CHESTERFIELD, Va. (CNN) — A Virginia dog owner’s last request for her pet is causing some debate.
The owner– who died — apparently directed her family to have the dog euthanized so they could be laid to rest together.
Some say the act was not only cruel, but also illegal.
In the always-crowded Chesterfield Animal Shelter, surrounded by strays and cast-offs, sat a very special dog. Not your typical pound puppy or mongrel, but a well-bred animal. She was a pampered and much-loved dog.
In fact, you might say she was loved to death.
Emma arrived at the shelter March 8. During Emma’s two-week stay, shelter personnel had several discussions with representatives of the dead woman’s estate, trying to talk them out of euthanizing the dog so it could be laid to rest with its master, but to no avail.
The minute Emma left the shelter, she was taken to a local veterinarian and put down, leaving shelter workers heartbroken.
Carrie Jones, the Chesterfield Animal Shelter manager, said, “We did suggest they could sign the dog over on numerous occasions, because it’s a dog we could easily find a home for and re-home it. But ultimately, they came back in on March 22 and redeemed the dog back.”
After Emma was euthanized, her remains were taken to a local pet cremation center. Her ashes were then placed in an urn and returned to the authorized representative of the estate, in accordance with the dead woman’s will.
Larry Spiaggi, president of the Virginia funeral director’s association, said, “It’s not legal to put a dog’s cremated remains or any animal in a casket and bury them.”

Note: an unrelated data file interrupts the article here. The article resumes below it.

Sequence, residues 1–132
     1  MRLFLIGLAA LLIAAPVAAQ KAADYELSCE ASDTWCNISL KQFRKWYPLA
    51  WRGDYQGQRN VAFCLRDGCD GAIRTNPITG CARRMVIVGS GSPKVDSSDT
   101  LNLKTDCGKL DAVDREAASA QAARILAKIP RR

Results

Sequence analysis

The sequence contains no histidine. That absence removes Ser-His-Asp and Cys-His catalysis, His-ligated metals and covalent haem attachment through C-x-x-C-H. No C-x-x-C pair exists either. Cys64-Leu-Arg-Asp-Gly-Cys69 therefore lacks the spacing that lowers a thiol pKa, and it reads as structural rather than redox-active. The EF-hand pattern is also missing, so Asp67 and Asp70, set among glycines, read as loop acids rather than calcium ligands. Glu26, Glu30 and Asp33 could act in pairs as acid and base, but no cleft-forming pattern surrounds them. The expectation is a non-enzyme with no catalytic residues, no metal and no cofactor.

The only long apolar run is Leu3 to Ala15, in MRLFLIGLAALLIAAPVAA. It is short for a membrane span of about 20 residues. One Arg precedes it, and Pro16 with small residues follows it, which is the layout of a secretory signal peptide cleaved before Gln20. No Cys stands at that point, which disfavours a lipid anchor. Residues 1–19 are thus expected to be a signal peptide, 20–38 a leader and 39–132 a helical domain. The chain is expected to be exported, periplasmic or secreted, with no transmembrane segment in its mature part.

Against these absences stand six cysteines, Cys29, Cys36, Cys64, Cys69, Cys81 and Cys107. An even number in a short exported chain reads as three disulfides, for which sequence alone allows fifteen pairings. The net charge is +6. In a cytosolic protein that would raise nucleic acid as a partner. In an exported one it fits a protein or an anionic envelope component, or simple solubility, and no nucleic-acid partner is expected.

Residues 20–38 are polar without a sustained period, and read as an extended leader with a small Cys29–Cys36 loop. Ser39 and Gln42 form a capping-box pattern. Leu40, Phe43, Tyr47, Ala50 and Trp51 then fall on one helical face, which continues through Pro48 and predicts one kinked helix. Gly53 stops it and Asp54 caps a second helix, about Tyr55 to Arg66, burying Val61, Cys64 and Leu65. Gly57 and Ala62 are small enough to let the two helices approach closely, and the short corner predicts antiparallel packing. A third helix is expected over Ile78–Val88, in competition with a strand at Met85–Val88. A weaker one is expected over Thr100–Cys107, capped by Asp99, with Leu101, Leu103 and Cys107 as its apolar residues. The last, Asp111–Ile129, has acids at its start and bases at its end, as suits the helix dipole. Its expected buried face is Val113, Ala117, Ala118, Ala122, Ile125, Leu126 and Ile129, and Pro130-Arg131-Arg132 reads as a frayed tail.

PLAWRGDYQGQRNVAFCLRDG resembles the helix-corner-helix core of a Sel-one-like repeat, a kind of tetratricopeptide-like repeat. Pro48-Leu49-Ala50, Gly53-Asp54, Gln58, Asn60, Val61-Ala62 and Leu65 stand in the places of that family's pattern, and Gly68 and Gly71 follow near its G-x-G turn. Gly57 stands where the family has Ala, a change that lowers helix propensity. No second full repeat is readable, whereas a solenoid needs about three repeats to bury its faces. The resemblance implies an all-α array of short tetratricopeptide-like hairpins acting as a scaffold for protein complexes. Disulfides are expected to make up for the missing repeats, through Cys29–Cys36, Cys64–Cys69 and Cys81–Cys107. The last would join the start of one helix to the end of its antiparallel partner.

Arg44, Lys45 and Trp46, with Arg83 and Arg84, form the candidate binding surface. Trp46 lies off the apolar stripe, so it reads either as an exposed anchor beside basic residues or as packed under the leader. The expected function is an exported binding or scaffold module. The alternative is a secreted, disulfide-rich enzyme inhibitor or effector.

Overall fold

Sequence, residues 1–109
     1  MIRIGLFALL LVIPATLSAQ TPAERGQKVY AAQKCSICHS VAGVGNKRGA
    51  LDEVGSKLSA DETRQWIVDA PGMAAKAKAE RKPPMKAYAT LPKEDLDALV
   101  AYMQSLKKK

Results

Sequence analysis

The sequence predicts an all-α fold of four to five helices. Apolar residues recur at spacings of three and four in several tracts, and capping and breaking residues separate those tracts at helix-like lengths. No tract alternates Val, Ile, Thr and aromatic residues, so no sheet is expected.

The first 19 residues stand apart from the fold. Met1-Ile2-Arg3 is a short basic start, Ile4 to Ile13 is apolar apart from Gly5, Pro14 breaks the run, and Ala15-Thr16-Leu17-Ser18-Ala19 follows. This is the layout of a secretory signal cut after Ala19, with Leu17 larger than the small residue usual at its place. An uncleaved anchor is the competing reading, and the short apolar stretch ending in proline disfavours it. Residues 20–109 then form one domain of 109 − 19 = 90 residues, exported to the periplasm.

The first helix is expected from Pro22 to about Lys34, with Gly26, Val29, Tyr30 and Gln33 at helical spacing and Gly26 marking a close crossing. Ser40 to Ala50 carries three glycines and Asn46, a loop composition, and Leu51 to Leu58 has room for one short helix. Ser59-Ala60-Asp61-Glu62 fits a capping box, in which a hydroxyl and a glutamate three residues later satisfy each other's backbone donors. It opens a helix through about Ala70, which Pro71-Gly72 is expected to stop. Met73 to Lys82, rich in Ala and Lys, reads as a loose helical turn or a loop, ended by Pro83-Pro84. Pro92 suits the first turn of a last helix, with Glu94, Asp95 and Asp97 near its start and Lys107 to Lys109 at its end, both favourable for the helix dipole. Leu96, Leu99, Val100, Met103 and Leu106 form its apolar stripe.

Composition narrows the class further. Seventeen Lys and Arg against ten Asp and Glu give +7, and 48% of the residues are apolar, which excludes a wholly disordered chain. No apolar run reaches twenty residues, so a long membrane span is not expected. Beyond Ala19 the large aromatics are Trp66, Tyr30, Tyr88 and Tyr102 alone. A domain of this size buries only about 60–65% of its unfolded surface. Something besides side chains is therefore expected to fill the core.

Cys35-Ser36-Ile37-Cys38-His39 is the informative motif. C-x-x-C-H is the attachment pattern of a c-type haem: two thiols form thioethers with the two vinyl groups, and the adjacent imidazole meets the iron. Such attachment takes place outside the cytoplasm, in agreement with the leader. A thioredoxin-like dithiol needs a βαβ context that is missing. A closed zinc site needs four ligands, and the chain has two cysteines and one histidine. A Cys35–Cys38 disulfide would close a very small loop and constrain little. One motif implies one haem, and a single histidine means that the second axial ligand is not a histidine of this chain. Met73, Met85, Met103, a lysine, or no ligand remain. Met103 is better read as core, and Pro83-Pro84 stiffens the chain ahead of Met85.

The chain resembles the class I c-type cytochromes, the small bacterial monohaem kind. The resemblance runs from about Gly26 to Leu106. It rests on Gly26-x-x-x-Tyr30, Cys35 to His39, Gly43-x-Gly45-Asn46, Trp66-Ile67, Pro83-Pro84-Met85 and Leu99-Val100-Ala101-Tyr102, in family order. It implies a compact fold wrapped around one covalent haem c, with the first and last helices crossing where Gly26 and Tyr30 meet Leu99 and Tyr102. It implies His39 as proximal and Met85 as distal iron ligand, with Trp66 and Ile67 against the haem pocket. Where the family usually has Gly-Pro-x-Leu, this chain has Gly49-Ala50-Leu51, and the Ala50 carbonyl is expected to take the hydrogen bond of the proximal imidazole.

Spiaggi owns Morrissett Funeral and Cremation Services. When you walk into his funeral home, you’ll probably be greeted by one of Larry’s chocolate Labs. One, named Peace, is a highly trained and certified therapy dog. He’s there to help clients through their grief.
Spiaggi said he would not put the remains of a pet with its late owner. “I am licensed by the state of Virginia, so i have a license on the line with the health professionals’ board, so I cannot do it.”
But many years ago before the law changed, Spiaggi said he helped make arrangements for a client who wanted her elderly dog euthanized and buried with her in the casket.
It’s something that still haunts Spiaggi. “And knowing that all the while we were taking care of her, that poor dog was being euthanized. Even after I saw its temperament and everything, I still ached over it, you know?”
On another front, many veterinarians have ethical issues with putting down a healthy dog or cat, although it’s not illegal.
Dr. Kenny Lucas of Shady Grove Animal Clinic, said, “Whenever we’re faced with a euthanasia situation, it’s a very emotional situation. And beyond everything we talk about, that we need to do ethically and we’ve taken an oath to do, it’s something we take home, too. it weighs on us as professionals.”